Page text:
“No one ever told me that grief felt so like fear. I am not afraid, but the sensation is like being afraid. The same fluttering in the stomach, the same restlessness, the yawning. I keep on swallowing.
At other times it feels like being mildly drunk, or concussed. There is a sort of invisible blanket between the world and me. I find it hard to take in what anyone says. Or perhaps, hard to want to take it in. It is so uninteresting. Yet I want the others to be about me. I dread the moments when the house is empty. If only they would talk to one another and not to me.”
– C.S. Lewis
Grief is the emotional reaction to multiple fears becoming a reality in one moment; it is fear embodied. Those who fear the most grieve the hardest when it comes to pass. They only recover when they realise that those things they feared didn’t kill them, that they can carry on after the loss.
However, some will never recover, because sometimes those fears do kill people, just not on the outside. Many people carry grief like a tombstone on the heart and live like they are condemned, even after struggling for so long.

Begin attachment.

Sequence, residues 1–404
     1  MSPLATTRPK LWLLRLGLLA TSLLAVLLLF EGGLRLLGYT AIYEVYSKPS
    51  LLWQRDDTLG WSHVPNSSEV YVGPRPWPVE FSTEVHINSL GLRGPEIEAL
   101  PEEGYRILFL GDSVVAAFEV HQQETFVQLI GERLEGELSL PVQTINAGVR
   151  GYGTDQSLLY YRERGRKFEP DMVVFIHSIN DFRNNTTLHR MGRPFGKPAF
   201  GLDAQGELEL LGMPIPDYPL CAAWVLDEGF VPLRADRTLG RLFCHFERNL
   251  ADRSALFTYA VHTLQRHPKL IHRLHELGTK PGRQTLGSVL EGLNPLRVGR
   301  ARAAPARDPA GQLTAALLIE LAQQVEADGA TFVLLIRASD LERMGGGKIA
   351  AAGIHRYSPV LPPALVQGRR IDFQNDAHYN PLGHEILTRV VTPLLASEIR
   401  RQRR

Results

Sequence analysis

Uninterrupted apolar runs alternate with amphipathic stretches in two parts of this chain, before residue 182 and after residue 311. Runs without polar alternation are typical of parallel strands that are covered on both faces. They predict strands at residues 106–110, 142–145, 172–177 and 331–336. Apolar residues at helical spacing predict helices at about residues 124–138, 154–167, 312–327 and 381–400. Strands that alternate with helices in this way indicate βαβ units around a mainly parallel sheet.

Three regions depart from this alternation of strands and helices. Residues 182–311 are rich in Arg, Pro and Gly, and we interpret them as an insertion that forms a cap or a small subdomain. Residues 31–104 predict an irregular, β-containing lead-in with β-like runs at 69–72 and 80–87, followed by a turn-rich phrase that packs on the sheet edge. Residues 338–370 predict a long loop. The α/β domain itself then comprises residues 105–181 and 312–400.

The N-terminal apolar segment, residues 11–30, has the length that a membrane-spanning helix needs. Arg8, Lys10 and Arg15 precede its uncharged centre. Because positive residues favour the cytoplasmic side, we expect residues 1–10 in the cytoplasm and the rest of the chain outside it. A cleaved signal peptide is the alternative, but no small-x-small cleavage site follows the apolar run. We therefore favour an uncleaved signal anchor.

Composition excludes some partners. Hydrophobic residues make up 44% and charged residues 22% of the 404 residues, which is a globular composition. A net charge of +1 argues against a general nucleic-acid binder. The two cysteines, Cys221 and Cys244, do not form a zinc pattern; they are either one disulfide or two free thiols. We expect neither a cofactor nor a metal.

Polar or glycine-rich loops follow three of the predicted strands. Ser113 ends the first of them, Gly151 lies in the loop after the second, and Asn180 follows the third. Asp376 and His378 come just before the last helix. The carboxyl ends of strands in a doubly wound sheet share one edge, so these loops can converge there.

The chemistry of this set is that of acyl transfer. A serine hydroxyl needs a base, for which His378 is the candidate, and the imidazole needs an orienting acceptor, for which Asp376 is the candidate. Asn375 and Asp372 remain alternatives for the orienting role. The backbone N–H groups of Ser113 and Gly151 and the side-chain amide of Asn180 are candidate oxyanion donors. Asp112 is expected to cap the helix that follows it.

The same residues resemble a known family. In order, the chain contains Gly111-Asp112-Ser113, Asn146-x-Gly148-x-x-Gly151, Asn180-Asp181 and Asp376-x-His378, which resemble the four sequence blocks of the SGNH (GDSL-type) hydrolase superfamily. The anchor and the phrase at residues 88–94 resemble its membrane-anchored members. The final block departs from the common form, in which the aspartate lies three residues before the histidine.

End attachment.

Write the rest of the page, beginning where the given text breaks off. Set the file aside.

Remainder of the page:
That is when people can’t move on, can’t heal, can’t brush it off. They need to be resuscitated, resurrected, reborn. They have to relearn, with childlike faith, how to be human and what it all means; how to see that their destiny is “suffering tainted with malevolence” (Jordan Peterson), but that it can be defied with love.
If we are faithful, then we are resurrected many times before our bodies give way, and even when they do, our actions live on. At least in that, death has no hold over the believer.